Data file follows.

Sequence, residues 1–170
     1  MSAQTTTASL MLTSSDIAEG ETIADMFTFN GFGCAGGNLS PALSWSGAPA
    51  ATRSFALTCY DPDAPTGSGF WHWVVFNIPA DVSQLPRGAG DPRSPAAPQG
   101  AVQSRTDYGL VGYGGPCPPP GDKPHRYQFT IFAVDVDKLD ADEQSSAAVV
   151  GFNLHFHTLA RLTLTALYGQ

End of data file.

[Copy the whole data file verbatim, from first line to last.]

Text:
Sequence, residues 1–170
     1  MSAQTTTASL MLTSSDIAEG ETIADMFTFN GFGCAGGNLS PALSWSGAPA
    51  ATRSFALTCY DPDAPTGSGF WHWVVFNIPA DVSQLPRGAG DPRSPAAPQG
   101  AVQSRTDYGL VGYGGPCPPP GDKPHRYQFT IFAVDVDKLD ADEQSSAAVV
   151  GFNLHFHTLA RLTLTALYGQ